Friday, March 19, 2021

Voyager, Season 7: Human Error

Voyager, Season 7
"Human Error"

Airdate: March 7, 2001
161 of 168 produced
161 of 168 aired


Seven of Nine explores her romantic side on the holodeck, but runs into complications.

Look out, Seven, he's about to Aziz Ansari you!



Matthew: So this episode clearly has some conceptual problems. The notion that Seven of Nine should explore romance is clearly at the fore here. That's all well and good. But the scenarios here are contrived to suit that goal, as opposed to feeling organic. For instance, what in holy hell is the holodeck doing making holo-Chakotay pushy to the point of causing Seven to have an attack? Is this character based on some sort of profile of Chakotay? Programming created by Seven herself? The holodeck character acts in the episode as if it's a real character without explanation. In "Fair Haven," those characters always had a certain remove from "reality," even when Janeway was romancing Michael Sullivan. Holo-Chakotay seems sentient in the way the Doctor is.

Kevin: I think the choice of the holodeck is a cheat that damages the whole episode. It lets them explore the issue while avoiding even the hint of consequences. It's not that I object to Seven using the holodeck for what...well, everyone else uses it for, but since we know none of it will impact her actual relationships, it starts it on the wrong foot. I'm actually going to go so far as to suggest it was a mistake to go right to romance. The scenes of her at the ersatz baby shower relating to the crew were far more affecting, and I think if the show had focused on her desire to be closer to the people she already had actual relationships with, it would have worked better.

As far as Seven's actual scenes, minus the conceptual difficulty they are in fact quite enjoyable. The music playing was solid and evocative, the repartee and cooking stuff was a nice layer of softness to her character. Basically, it was so enjoyable that I just wished they were "real world" scenes. Now, I understand that we're getting an insight into her desires or fantasies. But I think the episode should have made the leap to the real world halfway.  Speaking of music, however, this may be the weakest teaser ever in the series. Just having Seven playing piano music, while pleasant, does not lead to natural and pressing follow-up questions.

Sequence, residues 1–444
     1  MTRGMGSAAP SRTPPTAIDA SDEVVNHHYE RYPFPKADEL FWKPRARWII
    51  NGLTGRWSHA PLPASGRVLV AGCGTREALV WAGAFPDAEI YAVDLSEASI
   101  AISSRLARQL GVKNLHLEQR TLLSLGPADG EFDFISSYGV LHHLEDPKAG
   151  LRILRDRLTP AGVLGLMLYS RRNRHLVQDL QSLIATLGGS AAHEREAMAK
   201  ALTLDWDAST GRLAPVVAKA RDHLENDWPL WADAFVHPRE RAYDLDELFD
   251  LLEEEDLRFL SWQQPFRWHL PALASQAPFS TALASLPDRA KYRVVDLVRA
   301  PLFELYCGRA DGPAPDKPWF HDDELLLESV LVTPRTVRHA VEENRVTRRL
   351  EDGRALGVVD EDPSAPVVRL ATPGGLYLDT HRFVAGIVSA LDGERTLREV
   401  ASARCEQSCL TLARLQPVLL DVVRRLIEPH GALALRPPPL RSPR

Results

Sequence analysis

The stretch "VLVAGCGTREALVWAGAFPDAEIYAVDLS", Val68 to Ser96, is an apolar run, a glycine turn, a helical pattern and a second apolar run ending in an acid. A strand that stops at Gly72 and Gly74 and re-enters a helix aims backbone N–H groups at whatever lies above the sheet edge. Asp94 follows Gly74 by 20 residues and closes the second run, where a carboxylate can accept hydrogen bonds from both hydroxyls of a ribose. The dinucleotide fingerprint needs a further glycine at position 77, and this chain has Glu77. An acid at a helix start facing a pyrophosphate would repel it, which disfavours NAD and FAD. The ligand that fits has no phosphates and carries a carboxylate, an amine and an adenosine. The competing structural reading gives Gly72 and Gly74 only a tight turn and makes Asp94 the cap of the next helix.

Kevin: For me, the opening scene in the baby shower was the one rife with real world possibilities. Even her asking B'Elanna for advice on doing her hair was good. Watching Seven cautiously reach out to her actual friends was nice, and for me, far more fertile ground. I think there was a way to thread this needle about Seven exploring her boundaries and relationships that paid dividends. I suppose part of my problem is that I can't shake the sense that when the writers asked themselves "How do we portray Seven's growth?" they jumped right to romance. TV and movies tend to treat romantic relationships, and usually marriage, as the natural end state of all people that they are monomaniacally working toward. And especially for a character like Seven, whose life has been so fundamentally different, I think it speaks to a lack of imagination that the endgame of her emotional growth must be dating Chakotay.

Matthew: The B-story was pretty pointless. It only existed to provide Seven with something to be distracted by. With that said, I enjoyed the Icheb contributions quite a lot. Any time you inject quoted from Sophocles and Titus Livius into my entertainment, I'm going to be appreciative. Which makes the character's eventual evisceration in "Picard" an even better story choice, because the only way to provide motivation for characters is by killing people they care about.